The News
The News
Friday 02 of December 2022

A Dent In The Gun


"Cohetes" at the pyrotechnics market in Zumpango, State of Mexico,photo: Cuartoscuro/Saúl López
Will authorities and fireworks manufacturers learn from this constantly repeating lesson?

Sometimes prestigious newscasts, such as CBS News with Scott Pelley, downsize facts because they doubt the authenticity of blown-up reports.

In regards to the Tultepec explosion last Tuesday, that so far has left 35 dead and over 60 wounded by burns, Pelley on Wednesday’s newscast said that “this is the third explosion in 11 years” at the Tultepec fireworks assembly site and market. In theory it sounds like an exaggeration but in practice Pelley doesn’t have all the facts at hand.

According to the State of Mexico Civil Protection program report, between August 2015 and 2016, 11 explosions were reported in the site out of a total of 22 explosions in other towns where fireworks are assembled.

And yes, there have been three big explosions in the past 11 years with similar results just at Tultepec, which happens to be the largest factory in the State of Mexico, where most of the fireworks are fabricated and sold.

The Civil Protection report says that 105 out of the 125 municipalities that make up the State of Mexico (which surrounds Mexico City) is related to fireworks manufacturing.

“There are currently 57 manufacturers with an average of 1,590 hand craft artists in fabrication centers. The main municipalities are Tultepec, Almoloya de Juárez and Zumpango. There are 42 authorized carriers, 47 warehouses and 763 over-the-counter stores for toys for retail sales.”

It’s funny, and not, that State of Mexico authorities consider fireworks as “toys.” Perhaps that’s what most kids consider them to be, because children and teenagers like playing with fire and most of your firecrackers have colorful presentations and do look like toys.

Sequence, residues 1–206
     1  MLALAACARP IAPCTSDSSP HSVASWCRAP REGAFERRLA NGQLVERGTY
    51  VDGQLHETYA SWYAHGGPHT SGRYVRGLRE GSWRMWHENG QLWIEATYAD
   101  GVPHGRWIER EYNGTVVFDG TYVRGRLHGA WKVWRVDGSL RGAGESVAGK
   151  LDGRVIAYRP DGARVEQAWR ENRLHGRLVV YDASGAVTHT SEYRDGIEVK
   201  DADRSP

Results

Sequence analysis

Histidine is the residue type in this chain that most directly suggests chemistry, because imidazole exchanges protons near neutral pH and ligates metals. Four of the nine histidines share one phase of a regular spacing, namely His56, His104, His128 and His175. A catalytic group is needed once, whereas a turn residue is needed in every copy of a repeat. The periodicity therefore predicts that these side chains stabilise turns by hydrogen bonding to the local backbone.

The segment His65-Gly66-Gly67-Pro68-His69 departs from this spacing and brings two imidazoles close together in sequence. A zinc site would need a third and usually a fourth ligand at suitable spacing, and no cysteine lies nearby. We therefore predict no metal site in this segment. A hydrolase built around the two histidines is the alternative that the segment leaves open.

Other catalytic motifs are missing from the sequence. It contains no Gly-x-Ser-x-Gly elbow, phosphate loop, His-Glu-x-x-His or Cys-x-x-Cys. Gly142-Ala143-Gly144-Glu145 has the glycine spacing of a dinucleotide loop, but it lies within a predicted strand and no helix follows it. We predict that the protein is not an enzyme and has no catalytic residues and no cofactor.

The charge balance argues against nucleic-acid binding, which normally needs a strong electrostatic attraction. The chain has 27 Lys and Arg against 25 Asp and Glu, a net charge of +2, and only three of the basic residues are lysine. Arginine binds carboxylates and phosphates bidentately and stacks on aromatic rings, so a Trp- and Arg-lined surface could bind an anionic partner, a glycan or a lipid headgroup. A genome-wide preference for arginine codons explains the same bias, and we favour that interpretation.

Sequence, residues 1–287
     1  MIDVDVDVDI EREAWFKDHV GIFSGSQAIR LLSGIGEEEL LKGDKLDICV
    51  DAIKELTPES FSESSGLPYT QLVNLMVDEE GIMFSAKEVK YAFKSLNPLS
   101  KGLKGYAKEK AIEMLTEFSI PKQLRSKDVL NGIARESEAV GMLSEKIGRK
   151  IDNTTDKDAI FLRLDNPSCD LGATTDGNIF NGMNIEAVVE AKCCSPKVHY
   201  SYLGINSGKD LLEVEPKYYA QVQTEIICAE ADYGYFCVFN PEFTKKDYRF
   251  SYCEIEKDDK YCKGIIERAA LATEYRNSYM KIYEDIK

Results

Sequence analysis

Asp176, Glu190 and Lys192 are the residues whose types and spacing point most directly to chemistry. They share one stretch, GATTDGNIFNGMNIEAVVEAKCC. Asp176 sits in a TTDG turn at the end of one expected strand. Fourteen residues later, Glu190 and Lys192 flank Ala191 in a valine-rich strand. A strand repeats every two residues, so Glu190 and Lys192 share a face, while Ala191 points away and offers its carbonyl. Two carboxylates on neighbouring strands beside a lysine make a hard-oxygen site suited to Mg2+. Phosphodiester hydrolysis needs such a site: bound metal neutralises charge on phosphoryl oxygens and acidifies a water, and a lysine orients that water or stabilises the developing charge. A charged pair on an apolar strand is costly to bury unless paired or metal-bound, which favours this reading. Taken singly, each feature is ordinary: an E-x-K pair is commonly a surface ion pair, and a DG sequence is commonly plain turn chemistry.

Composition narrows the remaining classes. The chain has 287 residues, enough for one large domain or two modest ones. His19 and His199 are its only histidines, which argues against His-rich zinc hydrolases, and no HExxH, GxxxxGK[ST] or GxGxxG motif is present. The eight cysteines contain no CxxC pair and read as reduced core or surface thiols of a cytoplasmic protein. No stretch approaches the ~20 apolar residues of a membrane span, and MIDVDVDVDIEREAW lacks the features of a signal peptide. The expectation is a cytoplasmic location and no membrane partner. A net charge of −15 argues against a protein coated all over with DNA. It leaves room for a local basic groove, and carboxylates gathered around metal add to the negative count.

In theory, it is the Mexican Army who should be supervising the manufacturing of the popular “cohetes,” which besides being one of youths’ favorite entertainments,  are a main staple for Catholic priests, who don noisemakers of thunderous “cohetes,” to attract people to attend mass, along with loudly chiming bells.

By the way, like discovering a freshly found truth, the Civil Protection report warns that “for this activity the raw material is gun powder, which represents a threat given its reactive characteristics.”

In other words, the fireworks trade in Mexico is huge and in theory it is a business that demands high security measures on the part of authorities.

The 240-page long Civil Protection report says that in supervising the fireworks industry “there’s the participation of 19 different (state and federal government offices) institutions such as the state government’s general secretariat, the Army, Navy and Interior as well as the Federal Police.”

The cynical question is who’s in charge of watching?

It is also of particular importance to say that the largest amounts of gun powder are accumulated during the last two weeks of December, and it a fact that the San Pablito market, where the humongous explosion took place, is the nation’s most important sales point for pyrotechnics with average year-end sales of 300 tons of manufactured “non-lethal” explosives.

Of course, “non-lethal” if you light them up one by one as it should be, which was not the case for Tuesday’s explosion, which literally raised the entire block where the San Pablito fireworks market was at.

Definitely the tragedy is not being taken lightly by authorities and the region’s hospital burn victims rooms are overflowing with the 60 wounded. One teenager was even flown to Houston for treatment.

But will authorities and fireworks manufacturers learn from this constantly repeating lesson? The fact is that it’s happened so many times in the past, that one more time is like the Old West gunmen claim: another dent in the gun.

And yes, despite the tragedy, there will be fireworks for sale all over Mexico to celebrate Christmas Eve.

Merry Christmas, everyone!